Heh. And you thought digital piracy was a new problem. It's actually as old as the PC software business itself. Some of the earliest evidence of this comes from a famous February 1976 open letter to the Homebrew Computer Club in which Bill Gates (then "General Partner" of a small company called Micro-Soft) protested the rampant "theft" of his company's popular Altair BASIC.
Reflect on that date for a moment: February 1976 — less than a year after the Altair 8800 launched the personal computer revolution, people were already illegally copying Microsoft products with great abandon. (Some things never change.) Of course, selling pre-programmed software for personal computers was a new concept back then. And heck, personal computers were a new concept back then.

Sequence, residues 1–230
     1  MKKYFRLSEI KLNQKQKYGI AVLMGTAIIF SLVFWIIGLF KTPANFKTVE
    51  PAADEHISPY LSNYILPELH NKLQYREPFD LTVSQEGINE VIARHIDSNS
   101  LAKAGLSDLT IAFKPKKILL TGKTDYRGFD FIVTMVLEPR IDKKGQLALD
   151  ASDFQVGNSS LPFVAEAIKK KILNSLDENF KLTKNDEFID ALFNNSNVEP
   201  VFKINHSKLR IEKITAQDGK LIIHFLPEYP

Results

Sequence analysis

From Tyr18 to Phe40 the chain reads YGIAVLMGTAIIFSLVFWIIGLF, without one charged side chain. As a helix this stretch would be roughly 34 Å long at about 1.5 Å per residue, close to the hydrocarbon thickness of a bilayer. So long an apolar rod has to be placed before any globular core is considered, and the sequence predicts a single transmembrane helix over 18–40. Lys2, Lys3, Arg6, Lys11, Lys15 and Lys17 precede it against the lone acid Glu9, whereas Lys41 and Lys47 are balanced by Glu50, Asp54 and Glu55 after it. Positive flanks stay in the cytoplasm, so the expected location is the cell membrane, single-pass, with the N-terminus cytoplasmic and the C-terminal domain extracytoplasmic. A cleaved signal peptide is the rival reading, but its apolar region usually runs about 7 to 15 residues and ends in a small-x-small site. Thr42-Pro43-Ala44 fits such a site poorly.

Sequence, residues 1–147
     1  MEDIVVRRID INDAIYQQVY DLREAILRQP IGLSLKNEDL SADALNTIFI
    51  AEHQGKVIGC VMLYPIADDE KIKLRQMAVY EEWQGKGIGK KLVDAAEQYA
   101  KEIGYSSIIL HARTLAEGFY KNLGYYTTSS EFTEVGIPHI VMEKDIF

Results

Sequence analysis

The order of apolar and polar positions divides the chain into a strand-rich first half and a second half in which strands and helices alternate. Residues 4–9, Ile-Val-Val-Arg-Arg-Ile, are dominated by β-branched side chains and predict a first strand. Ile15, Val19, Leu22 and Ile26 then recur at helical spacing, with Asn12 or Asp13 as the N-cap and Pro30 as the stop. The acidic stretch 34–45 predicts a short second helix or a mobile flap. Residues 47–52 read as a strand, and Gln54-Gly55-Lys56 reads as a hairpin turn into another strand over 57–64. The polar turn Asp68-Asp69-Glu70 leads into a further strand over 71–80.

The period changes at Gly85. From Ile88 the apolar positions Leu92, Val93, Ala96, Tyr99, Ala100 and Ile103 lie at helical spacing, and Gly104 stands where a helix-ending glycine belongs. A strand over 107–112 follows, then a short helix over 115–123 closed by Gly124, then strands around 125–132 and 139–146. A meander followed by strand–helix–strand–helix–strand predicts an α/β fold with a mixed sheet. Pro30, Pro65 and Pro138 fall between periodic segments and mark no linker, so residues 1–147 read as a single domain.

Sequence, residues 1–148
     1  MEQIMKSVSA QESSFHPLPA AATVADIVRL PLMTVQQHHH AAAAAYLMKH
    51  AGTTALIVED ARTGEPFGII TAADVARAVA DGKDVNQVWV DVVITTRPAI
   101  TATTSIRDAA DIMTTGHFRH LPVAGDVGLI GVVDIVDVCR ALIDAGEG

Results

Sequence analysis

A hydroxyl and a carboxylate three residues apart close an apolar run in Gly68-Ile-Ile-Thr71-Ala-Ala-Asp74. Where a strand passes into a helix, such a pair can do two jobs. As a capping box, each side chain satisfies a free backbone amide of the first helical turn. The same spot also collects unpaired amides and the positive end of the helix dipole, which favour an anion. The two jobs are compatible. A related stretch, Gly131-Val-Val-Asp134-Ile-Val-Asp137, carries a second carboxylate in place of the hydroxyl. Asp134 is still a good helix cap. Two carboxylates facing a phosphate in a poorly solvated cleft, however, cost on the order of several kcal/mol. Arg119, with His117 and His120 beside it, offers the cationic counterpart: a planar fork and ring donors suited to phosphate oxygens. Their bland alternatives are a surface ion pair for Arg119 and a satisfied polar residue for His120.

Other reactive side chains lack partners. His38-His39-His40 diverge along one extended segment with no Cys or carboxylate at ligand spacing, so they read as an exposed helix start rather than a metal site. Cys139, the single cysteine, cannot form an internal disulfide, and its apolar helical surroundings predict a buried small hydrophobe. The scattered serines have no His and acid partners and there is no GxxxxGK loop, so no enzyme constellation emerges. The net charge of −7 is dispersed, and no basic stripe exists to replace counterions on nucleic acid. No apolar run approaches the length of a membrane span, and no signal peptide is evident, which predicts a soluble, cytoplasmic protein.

But as time passed and PCs grew in influence, the piracy problem didn't go away. In fact, it continued as a hot-button topic throughout most of the 1980s. BYTE magazine devoted its May 1981 issue to the subject, commissioning its regular cover artist, Robert Tinney, to provide a visual hook for the monthly theme. Meditating on "software piracy," Tinney concocted a potent and iconographic image of a fierce viking ship cutting through rough seas, its massive floppy disk sail standing at full mast. To this day, the image (seen above) remains Tinney's most famous illustration from the BYTE years.
If his prints of this image hadn't sold out long ago, I'd buy one in a heartbeat.
Discussion topic of the week: Do you pirate commercial software? Why or why not?
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